Fred Zinnemann and the Cinema of Resistance
A compelling history of the director's films of war and resistance
Fred Zinnemann directed some of the most acclaimed and controversial films of the twentieth century, yet he has been a shadowy presence in Hollywood history. In Fred Zinnemann and the Cinema of Resistance, J. E. Smyth reveals the intellectual passion behind some of the most powerful films ever made about the rise and resistance to fascism and the legacy of the Second World War, from The Seventh Cross and The Search to High Noon, From Here to Eternity, and Julia. Smyth's book is the first to draw upon Zinnemann's extensive papers at the Academy of Motion Picture Arts and Sciences and brings Fred Zinnemann's vision, voice, and film practice to life.
In his engagement with the defining historical struggles of the twentieth century, Zinnemann fought his own battles with the Hollywood studio system, the critics, and a public bent on forgetting. Zinnemann's films explore the role of women and communists in the antifascist resistance, the West's support of Franco after the Spanish Civil War, and the darker side of America's national heritage. Smyth reconstructs a complex and conflicted portrait of Zinnemann's cinema of resistance, examining his sketches, script annotations, editing and production notes, and personal letters. Illustrated with seventy black-and-white images from Zinnemann's collection, Fred Zinnemann and the Cinema of Resistance discusses the director's professional and personal relationships with Spencer Tracy, Montgomery Clift, Audrey Hepburn, Vanessa Redgrave, and Gary Cooper; the critical reaction to his revisionist Western, High Noon; his battles over the censorship of From Here to Eternity, The Nun's Story, and Behold a Pale Horse; his unrealized history of the Communist Revolution in China, Man's Fate; and the controversial study of political assassination, The Day of the Jackal. In this intense, richly textured narrative, Smyth enters the mind of one of Hollywood's master directors, redefining our knowledge of his artistic vision and practice.
"Smyth, who has steeped herself in the history of resistance movements to write this book, makes convincing claims for Zinnemann's early recognition of the role of women in these struggles, for his constant questioning of the myths created around such movements, and for his dangerous generosity in acknowledging the courageous role of communists in underground activities. . . . It's a stimulating book that illuminates an important career. "- Philip French, Sight and Sound
"Makes a powerful case for a re-evaluation of the filmmaker, making particular use of his complex and nuanced interrogation of story, script, and research material. . . . Matchless scholarship, with the author exhibiting a broad and authoritative knowledge of other film work, American and European, dealing with these themes of antifascism and women's resistance. Zinnemann is portrayed as a director whose origins, concerns, and sensibility, as well as his shifting abode, distinguishes him as a genuinely 'international' director. "- Cineaste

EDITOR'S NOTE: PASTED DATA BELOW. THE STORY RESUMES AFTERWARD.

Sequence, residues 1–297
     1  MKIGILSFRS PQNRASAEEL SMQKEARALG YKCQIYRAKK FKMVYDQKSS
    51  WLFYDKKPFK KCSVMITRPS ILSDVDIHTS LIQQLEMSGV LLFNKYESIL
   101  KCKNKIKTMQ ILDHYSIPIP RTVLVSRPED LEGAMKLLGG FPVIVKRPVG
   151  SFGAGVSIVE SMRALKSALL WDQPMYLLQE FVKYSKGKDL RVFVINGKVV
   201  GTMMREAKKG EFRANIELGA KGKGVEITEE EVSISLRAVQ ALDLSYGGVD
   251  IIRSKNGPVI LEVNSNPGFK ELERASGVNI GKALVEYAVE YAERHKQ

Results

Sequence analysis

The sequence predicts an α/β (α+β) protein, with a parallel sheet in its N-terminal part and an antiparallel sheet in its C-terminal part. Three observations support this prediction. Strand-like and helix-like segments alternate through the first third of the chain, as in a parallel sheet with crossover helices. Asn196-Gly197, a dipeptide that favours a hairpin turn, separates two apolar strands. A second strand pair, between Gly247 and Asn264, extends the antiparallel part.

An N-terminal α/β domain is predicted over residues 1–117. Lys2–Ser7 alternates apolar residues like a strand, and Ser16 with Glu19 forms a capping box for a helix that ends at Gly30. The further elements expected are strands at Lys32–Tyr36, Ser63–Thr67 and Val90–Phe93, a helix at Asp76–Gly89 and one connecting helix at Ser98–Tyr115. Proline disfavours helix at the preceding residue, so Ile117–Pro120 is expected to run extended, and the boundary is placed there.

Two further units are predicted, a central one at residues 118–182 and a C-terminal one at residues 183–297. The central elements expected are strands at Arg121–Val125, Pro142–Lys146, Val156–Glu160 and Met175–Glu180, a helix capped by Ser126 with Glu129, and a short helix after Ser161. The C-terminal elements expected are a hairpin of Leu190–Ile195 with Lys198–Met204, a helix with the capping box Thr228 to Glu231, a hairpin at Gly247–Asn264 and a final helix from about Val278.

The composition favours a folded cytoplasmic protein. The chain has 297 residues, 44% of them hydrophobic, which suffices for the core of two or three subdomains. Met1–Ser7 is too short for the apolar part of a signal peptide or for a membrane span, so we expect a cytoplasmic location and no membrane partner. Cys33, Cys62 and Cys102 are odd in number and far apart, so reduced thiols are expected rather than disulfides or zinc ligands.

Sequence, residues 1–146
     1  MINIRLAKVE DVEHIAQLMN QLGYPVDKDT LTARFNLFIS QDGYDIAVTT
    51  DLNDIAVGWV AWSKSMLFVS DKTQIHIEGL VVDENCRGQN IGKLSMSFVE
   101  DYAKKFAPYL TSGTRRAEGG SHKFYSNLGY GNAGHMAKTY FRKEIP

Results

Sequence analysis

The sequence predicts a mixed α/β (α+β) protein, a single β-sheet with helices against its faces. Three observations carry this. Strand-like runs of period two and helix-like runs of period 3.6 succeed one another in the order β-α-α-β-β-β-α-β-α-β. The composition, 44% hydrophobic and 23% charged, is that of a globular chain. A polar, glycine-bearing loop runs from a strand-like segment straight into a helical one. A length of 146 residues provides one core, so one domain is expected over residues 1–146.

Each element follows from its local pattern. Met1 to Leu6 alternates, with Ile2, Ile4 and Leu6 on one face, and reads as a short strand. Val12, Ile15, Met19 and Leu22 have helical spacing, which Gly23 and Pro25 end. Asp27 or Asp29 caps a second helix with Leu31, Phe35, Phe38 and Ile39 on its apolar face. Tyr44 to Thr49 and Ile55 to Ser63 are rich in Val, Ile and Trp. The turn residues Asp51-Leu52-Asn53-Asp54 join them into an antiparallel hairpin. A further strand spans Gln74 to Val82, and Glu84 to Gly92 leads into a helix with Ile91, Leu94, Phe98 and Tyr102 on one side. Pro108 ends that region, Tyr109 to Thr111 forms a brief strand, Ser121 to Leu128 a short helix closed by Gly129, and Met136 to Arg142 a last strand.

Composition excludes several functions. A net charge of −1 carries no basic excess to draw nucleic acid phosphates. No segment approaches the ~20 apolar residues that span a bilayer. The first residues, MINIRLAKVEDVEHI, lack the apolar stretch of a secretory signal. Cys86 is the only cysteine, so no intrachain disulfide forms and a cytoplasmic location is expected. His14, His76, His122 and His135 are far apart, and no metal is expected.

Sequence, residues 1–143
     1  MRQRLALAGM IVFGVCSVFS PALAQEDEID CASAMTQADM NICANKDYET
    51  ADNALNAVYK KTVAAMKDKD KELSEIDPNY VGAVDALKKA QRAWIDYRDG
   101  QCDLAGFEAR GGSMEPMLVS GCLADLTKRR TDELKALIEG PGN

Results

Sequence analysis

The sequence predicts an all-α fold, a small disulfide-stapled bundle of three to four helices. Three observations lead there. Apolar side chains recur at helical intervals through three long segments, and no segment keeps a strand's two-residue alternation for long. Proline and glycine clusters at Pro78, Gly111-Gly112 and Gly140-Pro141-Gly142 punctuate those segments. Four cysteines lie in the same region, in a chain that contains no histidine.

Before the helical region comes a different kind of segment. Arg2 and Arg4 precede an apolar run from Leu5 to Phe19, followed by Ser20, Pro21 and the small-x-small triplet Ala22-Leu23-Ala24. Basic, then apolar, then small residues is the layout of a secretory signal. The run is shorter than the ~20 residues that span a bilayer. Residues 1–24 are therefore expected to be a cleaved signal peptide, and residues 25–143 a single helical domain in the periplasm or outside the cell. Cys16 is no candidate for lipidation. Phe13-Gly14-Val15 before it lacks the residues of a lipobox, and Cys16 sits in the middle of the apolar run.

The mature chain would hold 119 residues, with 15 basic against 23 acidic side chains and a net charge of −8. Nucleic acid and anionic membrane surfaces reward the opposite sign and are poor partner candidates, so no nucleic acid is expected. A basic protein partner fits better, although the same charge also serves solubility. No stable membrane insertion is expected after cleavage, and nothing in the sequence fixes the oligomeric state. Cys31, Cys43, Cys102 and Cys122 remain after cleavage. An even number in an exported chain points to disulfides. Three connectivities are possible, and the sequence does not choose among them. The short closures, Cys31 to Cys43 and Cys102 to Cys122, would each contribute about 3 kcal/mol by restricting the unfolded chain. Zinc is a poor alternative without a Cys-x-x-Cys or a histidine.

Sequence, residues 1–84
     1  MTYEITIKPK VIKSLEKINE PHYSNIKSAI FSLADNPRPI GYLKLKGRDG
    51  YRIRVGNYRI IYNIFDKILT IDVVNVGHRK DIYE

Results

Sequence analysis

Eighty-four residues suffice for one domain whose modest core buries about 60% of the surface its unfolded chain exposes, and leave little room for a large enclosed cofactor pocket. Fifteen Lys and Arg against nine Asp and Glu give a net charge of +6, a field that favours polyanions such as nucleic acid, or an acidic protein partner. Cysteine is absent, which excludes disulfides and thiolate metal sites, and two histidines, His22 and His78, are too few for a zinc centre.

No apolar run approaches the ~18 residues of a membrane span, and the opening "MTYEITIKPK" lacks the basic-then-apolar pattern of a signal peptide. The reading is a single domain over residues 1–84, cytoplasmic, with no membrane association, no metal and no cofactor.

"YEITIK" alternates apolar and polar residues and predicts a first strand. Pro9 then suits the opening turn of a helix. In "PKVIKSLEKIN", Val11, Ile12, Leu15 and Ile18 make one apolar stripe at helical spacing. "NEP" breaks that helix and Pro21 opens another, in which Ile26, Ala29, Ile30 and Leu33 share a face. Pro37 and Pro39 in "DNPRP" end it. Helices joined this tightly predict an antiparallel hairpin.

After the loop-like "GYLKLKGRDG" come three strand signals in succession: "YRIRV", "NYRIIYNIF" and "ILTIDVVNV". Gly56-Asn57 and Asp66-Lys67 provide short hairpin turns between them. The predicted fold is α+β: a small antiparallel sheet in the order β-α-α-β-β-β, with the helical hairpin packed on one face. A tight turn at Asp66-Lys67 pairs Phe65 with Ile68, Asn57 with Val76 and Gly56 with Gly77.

"This book is a model for the way to do rigorous film criticism. Smyth does more than just resuscitate Zinnemann—she provides an entirely new and original portrait and understanding of him as a truly independent genius of film. A great book. "- Sam B. Girgus, author of Clint Eastwood's America
"Fred Zinnemann and the Cinema of Resistance is as richly researched and rigorously argued as any landmark study in the field of film history. As such, it will profoundly change the way film historians view post-World War II Hollywood cinema. More remarkable still is the elegance of Smyth's prose, which manages to convey dense archival detail and complex reasoning with verve and accessibility, catapulting the book far beyond academe into the realm of quality popular scholarship. A major publishing event. "- Roy Grundmann, editor of The Wiley-Blackwell History of American Film, Vols. I-IV
"Smyth captures Zinnemann's approach to filmmaking. She has put him on the page with an insight displaying the delicacy with which Fred approached chaos, love, and heightened desire delivered with surprise and without a sense of caution. He battled heavyweight producers and even a tough-as-nails Lillian Hellman, as well as a star actor when he was challenged. Smyth's thorough research and affection for Zinnemann's cinema history masters it all. "- Alvin Sargent, Academy Award-winning writer of Julia (1977) and Ordinary People (1980)
"Deftly blending archival research and astute readings of Zinnemann’s films—a staggering output that included High Noon, From Here to Eternity, and Julia—Smyth probes the inner workings of a progressive and fiercely independent director whose films and filmmaking were case studies in resistance. "- Thomas Schatz, author of The Genius of the System: Hollywood Filmmaking in the Studio Era
"A stunning study of a complex but rather neglected director. Utilizing the brilliant combination of archival research and film analysis which marks her previous books, J. E. Smyth convincingly demonstrates that Zinnemann injected serious ideas about history, antifascism, memory, and nationalism into works which moved beyond the confines of traditional genres. Showing that he was a great historian of women on screen, Smyth argues that his unique blend of commitment and distance make him a filmmaker who speaks directly to our times. "- Robert A. Rosenstone, author of History on Film/Film on History